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ViacomCBS is joining the parade of media companies trying to simplify their increasingly dizzying array of video offerings to advertisers.

The company, created from the merger of Viacom Inc. and CBS Corp. late last year, will this fall launch a new product called ViacomCBS EyeQ, a system that allows advertisers to purchase commercial inventory from across the company’s various digital-video offerings, which include ad-supported video hub Pluto; the many CBS digital holdings; and Viacom’s digital assets.

“When you are in the market with six or seven different products, it becomes incumbent on you as a seller to make it easier for your clients to understand what they are spending and how it is working,” says John Halley, chief operating officer of advertising revenue at ViacomCBS, in an interview.

Madison Avenue has a surfeit of video opportunities, and the task of placing commercials alongside all of them can be daunting. In the case of ViacomCBS, it may have been even more so, as the company, merged less than a year has had to move quickly to meld its portfolio. Executives have worked to create a unified buying system since shortly after the last CES, says David Lawenda, ViacomCBS’ executive vice president of digital sales and strategy at ViacomCBS, in an interview.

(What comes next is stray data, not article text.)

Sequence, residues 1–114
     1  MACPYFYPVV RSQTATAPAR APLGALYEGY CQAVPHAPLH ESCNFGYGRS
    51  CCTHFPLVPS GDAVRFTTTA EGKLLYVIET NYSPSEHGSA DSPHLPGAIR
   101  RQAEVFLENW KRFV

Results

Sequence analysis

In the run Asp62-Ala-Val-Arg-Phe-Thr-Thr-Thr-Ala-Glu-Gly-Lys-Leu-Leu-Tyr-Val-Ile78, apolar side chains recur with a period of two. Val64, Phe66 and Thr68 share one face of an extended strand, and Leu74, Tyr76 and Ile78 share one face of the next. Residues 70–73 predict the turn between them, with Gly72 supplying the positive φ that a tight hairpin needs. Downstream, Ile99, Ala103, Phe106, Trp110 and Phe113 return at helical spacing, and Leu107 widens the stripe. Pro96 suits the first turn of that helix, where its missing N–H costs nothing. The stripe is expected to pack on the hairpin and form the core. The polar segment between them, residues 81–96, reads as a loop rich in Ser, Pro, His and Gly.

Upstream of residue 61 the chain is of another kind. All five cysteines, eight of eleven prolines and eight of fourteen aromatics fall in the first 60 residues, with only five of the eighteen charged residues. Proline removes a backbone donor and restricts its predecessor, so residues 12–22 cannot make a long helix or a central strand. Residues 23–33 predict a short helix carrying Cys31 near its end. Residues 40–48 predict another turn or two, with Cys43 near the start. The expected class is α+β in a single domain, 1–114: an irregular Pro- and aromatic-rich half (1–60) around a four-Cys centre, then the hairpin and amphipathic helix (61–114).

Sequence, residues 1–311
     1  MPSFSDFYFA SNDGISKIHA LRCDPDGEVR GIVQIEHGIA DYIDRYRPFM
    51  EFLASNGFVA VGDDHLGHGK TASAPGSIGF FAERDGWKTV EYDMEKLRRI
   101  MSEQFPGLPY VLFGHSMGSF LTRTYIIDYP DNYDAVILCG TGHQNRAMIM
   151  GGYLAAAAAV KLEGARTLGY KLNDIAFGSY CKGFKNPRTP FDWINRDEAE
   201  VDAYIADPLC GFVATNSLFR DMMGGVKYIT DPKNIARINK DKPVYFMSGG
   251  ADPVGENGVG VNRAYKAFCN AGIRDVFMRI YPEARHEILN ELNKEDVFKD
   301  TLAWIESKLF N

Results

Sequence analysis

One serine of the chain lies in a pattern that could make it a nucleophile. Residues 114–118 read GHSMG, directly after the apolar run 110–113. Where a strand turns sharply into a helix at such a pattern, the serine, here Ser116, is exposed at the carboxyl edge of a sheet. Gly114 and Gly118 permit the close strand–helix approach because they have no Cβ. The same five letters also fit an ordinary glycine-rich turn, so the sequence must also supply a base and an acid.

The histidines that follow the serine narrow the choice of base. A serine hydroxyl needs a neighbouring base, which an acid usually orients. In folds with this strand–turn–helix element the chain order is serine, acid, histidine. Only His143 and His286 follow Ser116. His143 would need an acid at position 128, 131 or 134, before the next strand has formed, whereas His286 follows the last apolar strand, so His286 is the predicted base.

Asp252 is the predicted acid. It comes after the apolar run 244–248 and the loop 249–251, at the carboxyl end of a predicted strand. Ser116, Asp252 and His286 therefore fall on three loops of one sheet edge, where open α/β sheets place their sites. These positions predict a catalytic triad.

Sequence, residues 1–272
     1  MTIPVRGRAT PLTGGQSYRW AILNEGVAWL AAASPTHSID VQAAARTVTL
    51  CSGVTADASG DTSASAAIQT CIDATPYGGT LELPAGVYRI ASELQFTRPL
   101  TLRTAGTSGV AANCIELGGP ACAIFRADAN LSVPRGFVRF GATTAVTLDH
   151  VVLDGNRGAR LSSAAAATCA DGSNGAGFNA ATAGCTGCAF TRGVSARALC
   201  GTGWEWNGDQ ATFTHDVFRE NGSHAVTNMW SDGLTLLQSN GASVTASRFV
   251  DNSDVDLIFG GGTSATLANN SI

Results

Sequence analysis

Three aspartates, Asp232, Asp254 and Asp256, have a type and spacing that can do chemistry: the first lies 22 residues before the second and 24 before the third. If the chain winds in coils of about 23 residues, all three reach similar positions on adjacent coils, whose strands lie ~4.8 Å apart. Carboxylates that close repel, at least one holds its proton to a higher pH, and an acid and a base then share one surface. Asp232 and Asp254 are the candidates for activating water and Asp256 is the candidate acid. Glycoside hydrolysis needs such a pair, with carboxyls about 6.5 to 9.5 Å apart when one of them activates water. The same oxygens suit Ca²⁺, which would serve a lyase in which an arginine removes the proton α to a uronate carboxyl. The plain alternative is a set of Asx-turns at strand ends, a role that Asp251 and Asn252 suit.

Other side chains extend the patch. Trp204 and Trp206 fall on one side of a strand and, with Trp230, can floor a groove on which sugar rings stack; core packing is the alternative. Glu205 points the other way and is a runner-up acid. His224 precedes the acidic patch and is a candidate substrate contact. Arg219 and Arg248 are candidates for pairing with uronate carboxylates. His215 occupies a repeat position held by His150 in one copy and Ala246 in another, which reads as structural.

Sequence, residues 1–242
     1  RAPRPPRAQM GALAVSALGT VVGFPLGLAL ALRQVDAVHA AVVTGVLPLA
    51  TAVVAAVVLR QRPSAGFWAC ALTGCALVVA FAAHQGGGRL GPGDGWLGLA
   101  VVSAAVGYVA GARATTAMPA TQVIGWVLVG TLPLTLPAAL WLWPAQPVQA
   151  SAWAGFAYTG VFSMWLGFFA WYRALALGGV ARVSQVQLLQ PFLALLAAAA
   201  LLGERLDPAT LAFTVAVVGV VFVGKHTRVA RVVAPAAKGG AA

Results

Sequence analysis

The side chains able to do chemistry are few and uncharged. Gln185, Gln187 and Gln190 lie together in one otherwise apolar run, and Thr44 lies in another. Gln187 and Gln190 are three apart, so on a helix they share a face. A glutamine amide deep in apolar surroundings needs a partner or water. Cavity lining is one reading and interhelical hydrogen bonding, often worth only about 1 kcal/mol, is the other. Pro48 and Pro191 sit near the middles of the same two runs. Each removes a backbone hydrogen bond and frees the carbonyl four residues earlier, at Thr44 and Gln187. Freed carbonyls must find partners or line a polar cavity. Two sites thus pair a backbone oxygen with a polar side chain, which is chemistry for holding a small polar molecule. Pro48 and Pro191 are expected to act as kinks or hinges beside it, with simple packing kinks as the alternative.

The new system may help the company in its quest to prove the combination of CBS and Viacom is better than each entity remaining apart. Viacom has long burnished advanced advertising products that help clients use data to place their commercials more precisely, while CBS sports some of TV’s most popular pieces of content. Advertisers and media buyers have been eager to see how the combined company stitches such offerings together.

“Our scale in premium digital video is literally as big as anything else in the marketplace, plus there’s the fact that we have covered every conceivable passion point: news, sports, tech, gaming, music, kids and every demo,” says Lawenda. ViacomCBS has been making the new system a talking point in its current discussions with advertisers as part of the TV industry’s annual “upfront” sales process, when TV networks haggle over the next season’s ad prices with Madison Avenue.

But competitors have also made strides in these areas. NBCUniversal’s “One Platform” allows advertisers to buy digital and linear inventory together, while Walt Disney has in recent weeks taken steps to pair its Hulu video-streaming hub with its various cable and broadcast networks.

The new EyeQ system will support several different types of transactions, including programmatic, and lets advertisers employ several different ways of aligning commercials with content. Marketers can buy according to special content segments, such as news, sports or kids; consumer demographics; consumer behavior; and creative executions, which might  encompass live experiences, or work with influencers.

Marketers can use the digital-ad management technology to limit how many times a commercial might appear in front of the same consumer, the executives said, a growing complaint among advertisers who use streaming video  -and the people who see their ads.

“With this transformative platform, we’re creating a smarter and effective way to deliver seamless access to our leading content portfolio and unparalleled reach in a unified buying environment – which is exactly what the digital ad market has been asking for and sorely missing,” says Jo Ann Ross, president and chief advertising revenue officer, ViacomCBS Domestic Advertising Sales.